- The Affordable Care Act will mark 10 years in 2020.
- Republican Arkansas Rep. Bruce Westerman plans to introduce legislation to increase access to health care and give states more freedom within the framework of the ACA Monday night.
- Westerman said his wide-ranging bill leans into the “free market” aspects of the ACA exchanges.
As the 10-year mark of the Affordable Care Act’s (ACA) passage approaches, Republican Arkansas Rep. Bruce Westerman plans to introduce legislation to increase access to health care and give states more freedom within the framework of the ACA Monday night.
Republicans had to surrender their hopes of repealing and replacing the Affordable Care Act when they lost the House in 2018. Westerman said his wide-ranging bill leans into the “free market” aspects of the ACA exchanges.
“I think people got gun-shy about attacking the broad issue of health care, so you see a more focused effort on one individual component of health care. … This is a decade-long issue from before the ACA came into place, and we need to have a good, transparent discussion about what’s really best for America in health care,” Westerman told The Daily Caller News Foundation in an interview.
Westerman is sole sponsor of the bill, which takes aim at issues including pre-existing conditions coverage, the high costs of prescription drugs and hospital monopolies. He said his team started working on it when the GOP-backed American Health Care Act (AHCA) failed in 2017.
Like the AHCA, Westerman’s bill draws on Maine’s invisible high-risk pool to keep costs low for people with pre-existing conditions. Maine’s program ran from 2012 until the ACA exchanges became available in 2014, reported NPR. But unlike the AHCA, Westerman’s bill would provide the funding that experts say the program requires — $20 billion a year versus a couple billion allotted by the AHCA.
Under Westerman’s bill, states could opt in to the pool program funded by federal dollars, premiums from certain policies and a $4 fee attached to certain health insurance policies. Insurers give up a large chunk of high-risk patients’ premiums; in exchange, they’re only responsible for the first $10,000 in medical costs per year incurred by those patients.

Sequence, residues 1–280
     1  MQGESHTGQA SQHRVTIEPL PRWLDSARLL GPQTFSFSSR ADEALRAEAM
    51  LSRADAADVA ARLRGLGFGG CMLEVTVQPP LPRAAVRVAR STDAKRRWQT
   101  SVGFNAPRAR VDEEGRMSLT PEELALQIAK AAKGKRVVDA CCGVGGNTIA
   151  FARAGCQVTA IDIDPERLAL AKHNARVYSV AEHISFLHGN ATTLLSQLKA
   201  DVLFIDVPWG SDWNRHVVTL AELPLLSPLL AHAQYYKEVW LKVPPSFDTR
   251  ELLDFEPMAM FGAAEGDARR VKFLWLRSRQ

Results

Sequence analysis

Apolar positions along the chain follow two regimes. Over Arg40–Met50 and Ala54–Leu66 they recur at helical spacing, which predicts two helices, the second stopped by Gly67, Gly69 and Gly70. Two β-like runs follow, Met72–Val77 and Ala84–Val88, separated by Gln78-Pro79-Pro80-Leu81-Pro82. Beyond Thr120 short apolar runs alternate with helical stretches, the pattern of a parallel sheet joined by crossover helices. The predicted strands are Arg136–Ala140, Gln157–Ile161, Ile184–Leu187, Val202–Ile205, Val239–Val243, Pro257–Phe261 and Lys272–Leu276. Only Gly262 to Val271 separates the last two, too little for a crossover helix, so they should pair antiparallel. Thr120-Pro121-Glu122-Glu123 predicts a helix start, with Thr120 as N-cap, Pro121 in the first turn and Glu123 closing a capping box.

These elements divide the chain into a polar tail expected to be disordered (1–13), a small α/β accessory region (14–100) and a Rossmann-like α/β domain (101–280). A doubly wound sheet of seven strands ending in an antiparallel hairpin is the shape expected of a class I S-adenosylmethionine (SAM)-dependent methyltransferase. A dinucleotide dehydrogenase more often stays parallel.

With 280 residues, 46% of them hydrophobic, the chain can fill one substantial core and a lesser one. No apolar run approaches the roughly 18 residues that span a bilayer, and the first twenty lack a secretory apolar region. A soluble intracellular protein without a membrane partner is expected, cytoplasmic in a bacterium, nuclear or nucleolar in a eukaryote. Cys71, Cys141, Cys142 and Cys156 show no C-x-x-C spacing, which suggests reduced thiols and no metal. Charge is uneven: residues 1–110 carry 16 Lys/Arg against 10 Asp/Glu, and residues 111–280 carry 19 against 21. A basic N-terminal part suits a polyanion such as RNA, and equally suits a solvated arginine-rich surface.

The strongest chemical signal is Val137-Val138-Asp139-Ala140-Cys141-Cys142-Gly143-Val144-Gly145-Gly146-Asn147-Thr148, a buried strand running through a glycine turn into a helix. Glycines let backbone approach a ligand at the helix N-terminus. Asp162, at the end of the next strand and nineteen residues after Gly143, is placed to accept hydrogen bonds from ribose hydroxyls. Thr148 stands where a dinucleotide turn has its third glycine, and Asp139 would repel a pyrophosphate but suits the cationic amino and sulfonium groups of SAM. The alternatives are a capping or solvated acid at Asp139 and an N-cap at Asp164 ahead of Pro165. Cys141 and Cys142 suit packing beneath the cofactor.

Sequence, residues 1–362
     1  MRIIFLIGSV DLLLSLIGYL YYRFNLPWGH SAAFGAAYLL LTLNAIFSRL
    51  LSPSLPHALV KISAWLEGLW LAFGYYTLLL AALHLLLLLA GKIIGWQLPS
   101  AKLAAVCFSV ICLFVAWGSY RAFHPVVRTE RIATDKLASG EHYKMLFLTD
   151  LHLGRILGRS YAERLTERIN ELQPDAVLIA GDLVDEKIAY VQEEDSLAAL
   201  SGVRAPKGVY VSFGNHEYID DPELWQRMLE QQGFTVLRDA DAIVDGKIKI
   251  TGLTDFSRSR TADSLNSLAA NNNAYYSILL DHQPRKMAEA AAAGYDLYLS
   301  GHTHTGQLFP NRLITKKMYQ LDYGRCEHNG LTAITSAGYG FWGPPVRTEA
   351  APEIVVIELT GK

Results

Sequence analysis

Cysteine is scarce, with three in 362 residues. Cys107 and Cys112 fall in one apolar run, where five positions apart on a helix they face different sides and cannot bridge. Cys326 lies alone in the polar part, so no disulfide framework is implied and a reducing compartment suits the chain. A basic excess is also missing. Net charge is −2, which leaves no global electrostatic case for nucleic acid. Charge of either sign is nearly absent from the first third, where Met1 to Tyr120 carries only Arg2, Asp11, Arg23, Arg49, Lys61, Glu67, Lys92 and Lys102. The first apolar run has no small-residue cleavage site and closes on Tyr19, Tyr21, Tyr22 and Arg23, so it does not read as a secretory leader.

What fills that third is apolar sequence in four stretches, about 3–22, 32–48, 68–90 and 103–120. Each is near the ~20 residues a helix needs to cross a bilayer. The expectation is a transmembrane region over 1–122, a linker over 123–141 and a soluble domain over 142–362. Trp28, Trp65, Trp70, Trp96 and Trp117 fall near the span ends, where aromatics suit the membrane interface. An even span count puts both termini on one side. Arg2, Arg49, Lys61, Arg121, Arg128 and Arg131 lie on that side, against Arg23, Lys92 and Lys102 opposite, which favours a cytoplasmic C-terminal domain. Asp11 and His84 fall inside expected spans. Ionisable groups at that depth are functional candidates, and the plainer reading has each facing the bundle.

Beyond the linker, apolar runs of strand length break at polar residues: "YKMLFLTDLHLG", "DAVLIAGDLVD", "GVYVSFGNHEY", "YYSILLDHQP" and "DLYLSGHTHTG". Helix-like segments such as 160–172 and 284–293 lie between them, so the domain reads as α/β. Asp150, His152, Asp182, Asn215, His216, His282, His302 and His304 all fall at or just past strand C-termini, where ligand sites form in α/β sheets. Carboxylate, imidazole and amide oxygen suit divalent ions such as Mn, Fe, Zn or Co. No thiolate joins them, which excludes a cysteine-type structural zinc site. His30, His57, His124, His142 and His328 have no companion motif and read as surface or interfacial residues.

Westerman’s bill also attempts to reduce drug prices, including provisions making it quicker and easier for generic drugs to receive Food and Drug Administration approval. Drug pricing legislation has been an area where members of Congress from both parties have collaborated in recent years, but Republicans and Democrats have a harder time seeing eye to eye on health care payment reform, Lindsay Bealor Greenleaf, director at ADVI Health, told TheDCNF in a phone interview Monday.
“The ACA exchanges have been up and running since 2014. It would be really difficult to implement a full-scale repeal effort. Those conversations just aren’t happening given that it’s really hard to unwind something like that,” Bealor Greenleaf told TheDCNF.
But it’s clear that something needs to change, she said.
“Average premiums and deductibles are still out of control. … Regardless of your party affiliation, these members have constituents who are really hurting paying for these premiums,” Bealor Greenleaf told TheDCNF. “If and when folks talking about repeal and replace … the context will be repealing onerous mandates and taxes when you can while trying to rein in spending going on with the subsidies provided in the exchanges.”
Westerman’s bill takes a stab at some of those “onerous” taxes, including by repealing the Health Insurance Tax (HIT) on providers that has many opponents in the small business community.
Bealor Greenleaf predicted Republican health care bills will stay along the lines of increasing state flexibility like Westerman’s, which he said relies on “federalist principles.”
“We don’t think every state’s identical,” he told TheDCNF. “I don’t think anybody thinks that. I think that was one of the problems with the ACA. It painted with too broad of a brush.”
Westerman’s main purpose in introducing the roughly 200-page bill is to “get it out there,” he told TheDCNF.
“I may seem like the unlikely voice. I’m not on the Energy and Commerce Committee, not on the Ways and Means Committee. I hate to say I’ve got a fresh face, but I’m kind of a fresh face on the issue. … When you get down in to the weeds on this and start looking at individual problems, they’re not that difficult to come up with good solutions. … That’s what we have here, a compilation of good solutions on individual issues resulting in a very good health care payment system,” he told TheDCNF. ”
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